Chuck Cook-USA TODAY Sports
Florida landed two very good defensive tackles on Wednesday, fringe pieces for a fantastic recruiting class. And yet Will Muschamp and others hear cries of "Boring!" Here's why those cries are misguided.
Spoiler alert: It is. But, frankly: That's okay by me, because it's also brilliant.
I'm going through GatorJustin's comment here not to bash him, but to better explain Muschamp's slow-but-steady build to one of the best classes in the country.
The Champ model for recruiting, coaching, etc. seems to be a safe, effective, and potentially great model for a college football team. So does it speak poorly of me if I’m constantly talking myself into liking it? This isn’t about Champ or anything, its about the excitement.
The last 2 great UF (and arguably only) coaches were Spurrier and Meyer. Spurrier’s days at UF were before the social media/Recruiting Nation/Rival era really kicked into high gear so he didn’t have to deal with providing excitement this time of year. However, SOS brought offensive (and press conference) excitement. He also had some great defenses, but lets be honest, the offense and championships were the selling points. Meyer, on the other hand, brought us 24 hour excitement. We had great and different offenses. We had star players. We had recruiting coups. We had championships. It was great, most times.
Now we have wins, great defense, conservative offenses, safe recruiting, etc. I’m not complaining. I like what Champ’s building. Its a much more sustainable model than Meyer’s. Its hard to compare to SOS because it was a different era but seems as sustainable, if not more, than what SOS brought. But it just lacks excitement (in general, there have been moments). I dunno, maybe I’m crazy. Just curious about everyone else’s take.
I think and have thought for two full years now that Will Muschamp is a bitter pill to swallow for Florida fans who prided themselves on having a team that was explosive, swaggering, and arrogant enough to back them up in any contest of fandom. Having Steve Spurrier and the 1990s Gators as your team was great, because Florida won most of the games and every "But whose coach would you rather have?" argument; having Urban Meyer and the late-2000s Gators may have been better, because Meyer's talent was finer, Tim Tebow was around, and Florida won even more of its games.
Both of those reigns were ones of easy dominance, ones that have spoiled Florida fans and tricked them into thinking that Florida's birthright is a team that can hang half a hundred on anyone and win titles at will.
Muschamp's two teams have been built on different principles, and on defense rather than offense; the 2011 and 2012 Gators generally didn't do much of anything the easy way, and were only considered dominant if a) you knew enough to spend time reading (or writing) the cases for their dominance or b) you enjoy great defense. I think not liking Muschamp's Florida in that realm predisposes some to dislike the way Muschamp handles things in all areas. And I don't know that that's wrong, per se, because I'm okay with fans enjoying their teams in their own styles, as long as they're not working with incorrect facts, terrible assumptions, or methods that involve lashing out in ways that hurt other people.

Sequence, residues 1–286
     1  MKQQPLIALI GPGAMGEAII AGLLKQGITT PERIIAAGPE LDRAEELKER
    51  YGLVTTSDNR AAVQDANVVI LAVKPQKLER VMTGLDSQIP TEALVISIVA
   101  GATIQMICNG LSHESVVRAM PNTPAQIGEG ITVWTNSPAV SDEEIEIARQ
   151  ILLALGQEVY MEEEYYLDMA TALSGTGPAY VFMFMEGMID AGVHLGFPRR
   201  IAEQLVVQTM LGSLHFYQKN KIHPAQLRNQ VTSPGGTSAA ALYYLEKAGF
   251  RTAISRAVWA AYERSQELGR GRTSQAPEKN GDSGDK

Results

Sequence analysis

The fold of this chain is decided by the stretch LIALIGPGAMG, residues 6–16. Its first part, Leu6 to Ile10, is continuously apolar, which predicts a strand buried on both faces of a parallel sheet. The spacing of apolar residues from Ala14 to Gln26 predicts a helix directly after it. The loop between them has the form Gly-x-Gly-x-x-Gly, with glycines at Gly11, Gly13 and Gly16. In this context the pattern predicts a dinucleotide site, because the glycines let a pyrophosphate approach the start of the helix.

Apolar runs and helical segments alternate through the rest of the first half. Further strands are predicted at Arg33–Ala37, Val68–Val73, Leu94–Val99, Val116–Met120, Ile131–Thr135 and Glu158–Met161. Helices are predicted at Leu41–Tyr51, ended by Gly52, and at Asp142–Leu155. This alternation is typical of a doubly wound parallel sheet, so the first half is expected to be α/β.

Justin's not working with the wrong facts or assumptions, and he's not trying to hurt anyone, but he perfectly illustrates why switching from Spurrier/Meyer to Muschamp has left Gators fans with whiplash.
He's right that Spurrier didn't have to provide recruiting excitement, and thus didn't have to deal with Signing Day "disappointment"; very few fans of any team cared about recruitment in the pre-Internet era, and those that did were probably boosters who were greasing hands. Spurrier just had to get his offense whirring for the fall.
He's also right that Meyer provided "24 hour excitement" — on National Signing Day. Working off Rivals' class listings for the Meyer years, here are the guys Meyer pulled into the fold on National Signing Day:
If I'm being generous, 10 (Atkins, James, Williams, Henry, Moses Jenkins, Thompson, Evans, Jelani Jenkins, Green, and Kitchens) of those players have been major contributors in their time at Florida. Of the other 10, I have never heard of three (Baker, Codrington, Gresham) of them, and I know three others (Lawrence, Coxson, and Shaw) transferred. And there's one five-star Rivals prospect in the bunch, Jelani Jenkins.
In three years, here's what Will Muschamp's done on Signing Day:
You know who two of those guys (Roberson and Andrades) are because they've started as true freshmen, and you know who Fowler is because he played throughout his freshman year. You may not know Bostwick and Reed in 2013, but I suspect you will by the time they're done at Florida: Muschamp isn't recruiting depth on the offensive and defensive lines for the sake of having a lot of names on a depth chart. And I'll put those five players up against Meyer's entire list of Signing Day signees.